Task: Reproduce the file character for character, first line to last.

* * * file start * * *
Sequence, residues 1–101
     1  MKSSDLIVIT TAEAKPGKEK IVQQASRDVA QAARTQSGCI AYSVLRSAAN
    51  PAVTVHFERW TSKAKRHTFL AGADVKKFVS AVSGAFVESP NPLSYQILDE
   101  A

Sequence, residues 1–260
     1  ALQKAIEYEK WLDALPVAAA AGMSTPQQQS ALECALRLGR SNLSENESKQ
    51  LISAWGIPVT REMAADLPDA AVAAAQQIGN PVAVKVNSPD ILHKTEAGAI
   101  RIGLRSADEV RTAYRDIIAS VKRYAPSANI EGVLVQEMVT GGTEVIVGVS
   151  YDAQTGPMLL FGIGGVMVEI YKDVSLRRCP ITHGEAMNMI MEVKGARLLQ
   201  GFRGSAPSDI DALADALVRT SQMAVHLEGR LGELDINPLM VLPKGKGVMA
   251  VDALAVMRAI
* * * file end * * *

Sequence, residues 1–101
     1  MKSSDLIVIT TAEAKPGKEK IVQQASRDVA QAARTQSGCI AYSVLRSAAN
    51  PAVTVHFERW TSKAKRHTFL AGADVKKFVS AVSGAFVESP NPLSYQILDE
   101  A

Sequence, residues 1–260
     1  ALQKAIEYEK WLDALPVAAA AGMSTPQQQS ALECALRLGR SNLSENESKQ
    51  LISAWGIPVT REMAADLPDA AVAAAQQIGN PVAVKVNSPD ILHKTEAGAI
   101  RIGLRSADEV RTAYRDIIAS VKRYAPSANI EGVLVQEMVT GGTEVIVGVS
   151  YDAQTGPMLL FGIGGVMVEI YKDVSLRRCP ITHGEAMNMI MEVKGARLLQ
   201  GFRGSAPSDI DALADALVRT SQMAVHLEGR LGELDINPLM VLPKGKGVMA
   251  VDALAVMRAI